In this year's presidential election of Graphistan, 20 nominees compete for the position of head of state. It is your job to schedule a series of public debates between them on national television. There are some constraints you must consider:

1. We do not want it too crowdy, so at most 10 contenders may appear in the same TV show.

2. It is an accepted custom, that candidates shall not attack anyone who is absent. Therefore, ensure that every pair of candidates appears in at least one show together.

**Questions:**

a) How can you schedule the events with the minimum number of shows?

b) What if there are 22 candidates and the limit is raised to 11 candidates per show?

(In reply to

re: First thoughts by Steve Herman)

Steve H's lower bound to the minimum number of debates that are needed is certainly solid, but most interesting is the question of achievability.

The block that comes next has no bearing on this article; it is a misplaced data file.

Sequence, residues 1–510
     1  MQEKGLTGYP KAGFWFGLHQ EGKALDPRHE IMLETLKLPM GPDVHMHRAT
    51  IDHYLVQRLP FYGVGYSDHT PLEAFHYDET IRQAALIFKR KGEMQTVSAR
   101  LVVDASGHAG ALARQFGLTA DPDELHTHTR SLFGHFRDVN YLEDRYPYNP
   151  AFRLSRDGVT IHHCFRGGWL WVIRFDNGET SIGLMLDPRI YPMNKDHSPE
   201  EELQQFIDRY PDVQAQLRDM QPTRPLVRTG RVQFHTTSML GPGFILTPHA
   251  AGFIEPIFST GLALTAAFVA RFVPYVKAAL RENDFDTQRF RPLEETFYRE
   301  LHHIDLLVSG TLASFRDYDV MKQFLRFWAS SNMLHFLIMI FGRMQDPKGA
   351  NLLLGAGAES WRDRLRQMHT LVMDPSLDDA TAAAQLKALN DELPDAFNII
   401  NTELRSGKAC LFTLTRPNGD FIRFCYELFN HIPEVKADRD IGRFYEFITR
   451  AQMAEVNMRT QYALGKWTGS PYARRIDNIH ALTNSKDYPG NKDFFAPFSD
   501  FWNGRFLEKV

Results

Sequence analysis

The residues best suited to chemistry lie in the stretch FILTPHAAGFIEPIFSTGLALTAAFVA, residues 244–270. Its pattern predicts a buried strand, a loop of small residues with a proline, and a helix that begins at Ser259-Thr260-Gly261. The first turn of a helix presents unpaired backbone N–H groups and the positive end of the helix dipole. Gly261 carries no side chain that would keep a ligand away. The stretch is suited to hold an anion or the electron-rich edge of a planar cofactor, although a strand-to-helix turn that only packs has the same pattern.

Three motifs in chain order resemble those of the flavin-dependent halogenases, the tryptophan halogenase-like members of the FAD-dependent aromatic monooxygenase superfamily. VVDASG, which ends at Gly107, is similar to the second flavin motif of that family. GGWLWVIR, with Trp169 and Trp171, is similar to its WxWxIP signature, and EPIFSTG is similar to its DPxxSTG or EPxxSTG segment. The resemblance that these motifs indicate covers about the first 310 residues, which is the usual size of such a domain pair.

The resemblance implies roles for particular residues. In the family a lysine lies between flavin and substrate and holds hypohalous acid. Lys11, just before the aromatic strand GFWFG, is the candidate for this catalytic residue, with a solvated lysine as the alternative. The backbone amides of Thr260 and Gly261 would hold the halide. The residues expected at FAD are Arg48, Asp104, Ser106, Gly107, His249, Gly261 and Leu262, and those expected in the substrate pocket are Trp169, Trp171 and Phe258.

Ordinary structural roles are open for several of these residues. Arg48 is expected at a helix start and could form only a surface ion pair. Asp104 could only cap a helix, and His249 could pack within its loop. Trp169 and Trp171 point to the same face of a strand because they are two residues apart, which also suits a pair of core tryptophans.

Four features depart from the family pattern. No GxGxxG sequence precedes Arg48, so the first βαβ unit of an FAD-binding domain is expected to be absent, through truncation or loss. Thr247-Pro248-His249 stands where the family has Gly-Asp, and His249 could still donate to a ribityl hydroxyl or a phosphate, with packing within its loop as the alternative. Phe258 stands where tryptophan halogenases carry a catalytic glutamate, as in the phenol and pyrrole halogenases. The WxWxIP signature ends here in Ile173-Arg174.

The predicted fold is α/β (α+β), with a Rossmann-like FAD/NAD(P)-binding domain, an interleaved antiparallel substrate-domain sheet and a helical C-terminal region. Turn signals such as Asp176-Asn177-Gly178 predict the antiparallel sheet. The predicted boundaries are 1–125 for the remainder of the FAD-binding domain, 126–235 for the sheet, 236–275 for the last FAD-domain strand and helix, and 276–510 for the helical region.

Consider the problem of 4 candidates total, with debates of 3 persons at a time. The lower limit is then 2 debates to assure each candidate meets 3 others, and yet, this is unachievable with 2 debates. Three are needed.

A geometrical way to think of this is that the four candidates are the vertices of a square which has 6 lines total when the diagonals are included. The debates are triangles, and you can not cover all 6 lines with two triangles.

To broaden the analogy: n candidates make a polygon of n sides with n(n-1)/2 lines with the diagonals included. Finding the minimum required number of m-person debates means finding the set of m-sided polygons made from a subset of the n points that cover all the lines. Sometimes it is S.H.'s minimum, sometimes not. I have started a table... I think the achievable minimum number is to be found under the study of *polygrams *and factorization within modulus n, but, I certainly have not found the solution.

*Edited on ***February 16, 2020, 8:05 am**